It's not uncommon to see invitation lists like this in existing tools:

Screen Shot 2022-10-25 at 2.29.50 PM.png

This approach often leads general contractors (GCs) down one of two paths

  • "Cast a Wide Net" - Inviting as many subcontractors as possible, resulting in wasted effort and low engagement.
  • "Targeted Outreach" - Researching and qualifying subcontractors, a labor-intensive process prone to oversights.

Both strategies are heavily reliant on manual data gathering and endless phone calls for contact information.

While personal outreach will always play a role, leveraging AI to automate significant portions of the bid prep process can dramatically increase upfront subcontractor response rates.

Finding Subcontractors with Relevant Experience

Despite the conventional wisdom of 'casting a wide net,' subcontractor fit and specialization are crucial factors for building bid coverage. It's imperative to match each project's requirements with subcontractors who have relevant experience in that scope and complexity level. This pairing will improve your bid accuracy and foster stronger partnerships

We wrote a more comprehensive guide on Reddit earlier this year and here on how to find commercial subcontractors.

To maximize engagement, the bid solicitation process must prioritize subcontractor needs and create a seamless experience from initial outreach through bid submission. Best practices include:

Attention-Grabbing Subject Lines

No, "Bid Invite: McDonald's" is unlikely to stand out. Leverage details like project size, type, and location to generate some interest to drive your open rates.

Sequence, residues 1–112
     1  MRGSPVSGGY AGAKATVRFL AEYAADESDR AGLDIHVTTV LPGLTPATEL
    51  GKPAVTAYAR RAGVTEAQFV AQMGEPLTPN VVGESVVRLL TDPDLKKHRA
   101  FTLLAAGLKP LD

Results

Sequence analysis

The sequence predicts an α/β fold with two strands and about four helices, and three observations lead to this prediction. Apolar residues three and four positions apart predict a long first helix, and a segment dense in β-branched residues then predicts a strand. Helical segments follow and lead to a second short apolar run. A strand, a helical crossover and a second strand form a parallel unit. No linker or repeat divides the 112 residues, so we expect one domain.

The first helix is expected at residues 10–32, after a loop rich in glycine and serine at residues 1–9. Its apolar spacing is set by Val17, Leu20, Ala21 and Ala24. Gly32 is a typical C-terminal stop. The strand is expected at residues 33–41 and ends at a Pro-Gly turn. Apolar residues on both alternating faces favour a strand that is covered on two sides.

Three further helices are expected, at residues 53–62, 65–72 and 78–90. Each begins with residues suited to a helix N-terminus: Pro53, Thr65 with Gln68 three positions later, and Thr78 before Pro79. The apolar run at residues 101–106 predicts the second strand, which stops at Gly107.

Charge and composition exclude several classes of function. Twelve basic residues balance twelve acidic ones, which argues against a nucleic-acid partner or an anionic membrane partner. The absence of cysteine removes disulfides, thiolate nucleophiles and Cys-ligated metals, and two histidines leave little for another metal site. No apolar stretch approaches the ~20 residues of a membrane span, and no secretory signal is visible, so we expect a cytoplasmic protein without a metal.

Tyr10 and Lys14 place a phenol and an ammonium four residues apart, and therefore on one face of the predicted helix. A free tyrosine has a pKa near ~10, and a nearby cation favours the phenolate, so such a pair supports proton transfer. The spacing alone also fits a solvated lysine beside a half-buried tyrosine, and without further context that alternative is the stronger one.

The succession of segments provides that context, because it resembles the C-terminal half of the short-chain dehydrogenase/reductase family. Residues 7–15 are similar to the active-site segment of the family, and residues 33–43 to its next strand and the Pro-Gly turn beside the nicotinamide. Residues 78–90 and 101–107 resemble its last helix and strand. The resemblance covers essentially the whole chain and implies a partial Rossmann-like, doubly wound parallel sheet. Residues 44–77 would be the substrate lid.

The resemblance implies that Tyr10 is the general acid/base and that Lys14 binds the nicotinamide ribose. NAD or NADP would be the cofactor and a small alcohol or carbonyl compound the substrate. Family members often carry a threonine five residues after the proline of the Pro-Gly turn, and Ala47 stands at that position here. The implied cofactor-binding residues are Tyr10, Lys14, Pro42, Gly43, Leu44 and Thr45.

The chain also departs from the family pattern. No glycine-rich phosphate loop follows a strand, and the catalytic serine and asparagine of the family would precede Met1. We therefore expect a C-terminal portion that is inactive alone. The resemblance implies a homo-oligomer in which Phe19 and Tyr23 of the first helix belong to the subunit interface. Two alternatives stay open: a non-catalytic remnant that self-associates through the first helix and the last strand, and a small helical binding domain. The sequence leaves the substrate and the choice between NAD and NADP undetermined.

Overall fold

More Personalized Bid Invites

Go beyond just including a name. Provide tailored scope summaries, highlight relevant qualifications for why you’re inviting that specific subcontractor.

Modern, Subcontractor-Centric Plan rooms

Make it as easy as possible for your subcontractors to access the plans. Don’t force them to create an account. Don’t provide 15 different planset versions. Don’t include various pre-qualification forms (yet)

Keep everything simple, with a singular focus on helping them understand the scope.

Consistent Follow Ups

Don't inundate subcontractors with reminders. Schedule a cadence of 2-3 follow-ups, properly spaced out based on the bid timeline, to demonstrate respect for their time while maintaining your seriousness about the project.

Manually executing all these best practices is a time-consuming process. Let’s take a look again on how Downtobid’s AI can help GCs streamline and optimize the entire subcontractor outreach process.

How to Solicit Bids using AI

For the Discount Tire project mentioned earlier, Downtobid's AI not only generated a comprehensive list of required bid packages but also:

Curated a tailored list of local, prequalified subcontractors matched by relevant capabilities

*Email Template.png

Drafted personalized bid invitations with attention-grabbing subject lines and simple scope summaries.

*Scan For Scope.png

Provided a self-serve, frictionless plan room for document access with no logins required


Here are some early results we're seeing with Downtobid customers using these an AI based process (over 60% response rate, over 80 bids generated for a single project).

Screen Shot 2024-03-17 at 5.10.11 PM.png

Final Thoughts: Where AI Fails in Construction

While immensely powerful, AI is far from perfect and there are limitations with this technology. For example, AI struggles with crucial details like existing site conditions – especially with nuanced considerations between each set. AI processes everything as literal text, so it’s unable to currently form a structured opinion on construction context.

This means that there’s still a huge need for human guidance. Our position is that AI currently stands to serve as a strong assistant. For all the difficult heavy lifting, estimators will. We hope the introduction of this technology will bring a lot of much needed good into the industry.

If you want to chat about AI strategy with your preconstruction team. Please feel free to contact us directly.

Thanks for reading!

Co-written by Andy Lee, Kevin WuUpdated on Apr 8, 2024